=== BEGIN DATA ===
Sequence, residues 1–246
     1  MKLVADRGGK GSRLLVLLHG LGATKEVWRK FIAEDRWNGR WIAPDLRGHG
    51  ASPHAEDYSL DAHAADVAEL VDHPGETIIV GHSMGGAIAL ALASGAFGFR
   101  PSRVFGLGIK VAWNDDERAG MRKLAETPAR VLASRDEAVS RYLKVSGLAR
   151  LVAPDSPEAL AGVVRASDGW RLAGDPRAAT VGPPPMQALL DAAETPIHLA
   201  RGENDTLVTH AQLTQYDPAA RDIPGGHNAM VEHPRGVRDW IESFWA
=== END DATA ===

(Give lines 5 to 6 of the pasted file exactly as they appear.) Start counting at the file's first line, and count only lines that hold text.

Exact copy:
   151  LVAPDSPEAL AGVVRASDGW RLAGDPRAAT VGPPPMQALL DAAETPIHLA
   201  RGENDTLVTH AQLTQYDPAA RDIPGGHNAM VEHPRGVRDW IESFWA